Science-Based Benefits of Acupuncture Therapy January 04, 2018 11:38
Has your doctor ever prescribed you a round of acupuncture? Probably not.
Has your doctor ever prescribed you a round of acupuncture? Probably not. Alternative treatments often get short shrift in standard healthcare because doctors are generally unaware of the science showing that they really are effective alternatives to drugs and medication. But a study in the Archives of Internal Medicine may change that.
The researchers pooled data from nearly 18,000 people who had participated in studies examining the effectiveness of acupuncture and found that, yes, it really is a good treatment for chronic pain and that doctors should start recommending it as treatment for arthritis and other chronic ailments.
Chronic pain is certainly one of the most common reasons people seek out acupuncturists, but here are six other scientifically studied ways that acupuncture therapy can alleviate what's bothering you:
Using acupuncture therapy to successfully relieve chronic back pain is well documented in scientific literature, and acupuncturists say that it's the leading reason that people visit their clinics. A study published in the Archives of Internal Medicine even found that people who were given "simulated acupuncture," where pressure was place on certain acupuncture points but no needles were actually used, saw as much as a 15 percent greater improvement in their symptoms (equal to the improvements seen in people who were receiving true acupuncture) than people who were taking medications and undergoing standard chiropractic care.
A study from China, published in the Journal of Alternative and Complementary Medicine found that a low-dose of fluoxetine (Prozac) combined with acupuncture therapy was just as effective at reducing anxiety in patients being treated for depression as full-dose medication. Cutting the dose and adding acupuncture also reduced the drug's side effects, which can include nausea, weight gain, and a decreased sex drive.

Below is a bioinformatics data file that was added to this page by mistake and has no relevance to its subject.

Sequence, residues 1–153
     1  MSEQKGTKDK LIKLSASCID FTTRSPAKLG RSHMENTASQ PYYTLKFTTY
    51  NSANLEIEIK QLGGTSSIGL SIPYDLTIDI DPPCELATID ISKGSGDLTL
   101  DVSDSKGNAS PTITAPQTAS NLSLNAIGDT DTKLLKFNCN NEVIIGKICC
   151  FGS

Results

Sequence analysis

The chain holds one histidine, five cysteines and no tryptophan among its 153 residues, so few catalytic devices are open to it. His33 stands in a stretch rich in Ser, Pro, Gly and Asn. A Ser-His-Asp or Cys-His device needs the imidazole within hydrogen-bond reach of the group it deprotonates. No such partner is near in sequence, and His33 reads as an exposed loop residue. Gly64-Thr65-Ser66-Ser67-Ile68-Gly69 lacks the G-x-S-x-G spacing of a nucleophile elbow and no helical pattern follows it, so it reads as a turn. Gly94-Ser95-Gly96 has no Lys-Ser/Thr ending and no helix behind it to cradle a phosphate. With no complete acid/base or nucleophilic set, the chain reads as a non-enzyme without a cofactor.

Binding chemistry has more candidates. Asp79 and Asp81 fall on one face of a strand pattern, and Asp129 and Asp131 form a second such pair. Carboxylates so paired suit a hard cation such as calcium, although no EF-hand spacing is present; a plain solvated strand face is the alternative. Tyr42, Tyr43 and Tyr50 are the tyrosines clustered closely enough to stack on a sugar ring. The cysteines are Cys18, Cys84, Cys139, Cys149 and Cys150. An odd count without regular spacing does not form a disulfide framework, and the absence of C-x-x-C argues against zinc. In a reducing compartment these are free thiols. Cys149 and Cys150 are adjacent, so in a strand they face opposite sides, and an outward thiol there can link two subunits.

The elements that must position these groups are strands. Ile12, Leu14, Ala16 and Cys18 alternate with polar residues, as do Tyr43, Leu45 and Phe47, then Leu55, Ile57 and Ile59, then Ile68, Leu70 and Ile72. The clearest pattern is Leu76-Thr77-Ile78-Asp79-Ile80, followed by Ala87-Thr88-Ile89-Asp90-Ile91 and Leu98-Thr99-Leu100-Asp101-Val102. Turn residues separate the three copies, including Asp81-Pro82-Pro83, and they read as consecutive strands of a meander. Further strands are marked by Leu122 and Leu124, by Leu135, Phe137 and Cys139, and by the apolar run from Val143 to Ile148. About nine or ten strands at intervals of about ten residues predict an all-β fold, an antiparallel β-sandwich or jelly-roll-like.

Brazilian researchers found that acupuncture therapy alleviated heartburn and indigestion in pregnant women. One group of pregnant women was given a combination of acupuncture and medications, and another group was counseled on dietary changes and given medications if needed. Over the course of the study, 75 percent of the women in the acupuncture group saw heartburn intensity, and antacid use, decline, while only 44 percent of women in the standard-treatment group saw those same effects.
Cancer patients undergoing radiation treatment are likely to suffer a variety of side effects, depending on the part of the body being treated. However, acupuncture therapy has been found to have some effect on the perception of how bad those effects can be, particularly for nausea and dry mouth, common in patients receiving radiation to the head and neck. A review of studies published in CA, a journal of the American Cancer Society, found that people undergoing radiation treatment perceived fewer negative side effects of radiation even though the side effects may still be there. For instance, in one study, patients who wore acupressure bands during treatment said they felt less nausea, although they still had the same occurrence of vomiting as they did before wearing the band, and in another study, people said they had less of a problem with dry mouth, even though measures of their saliva showed that levels remained the same. The acupuncture didn't actually alleviate the symptoms, but it did help improve patients' quality of life after treatment.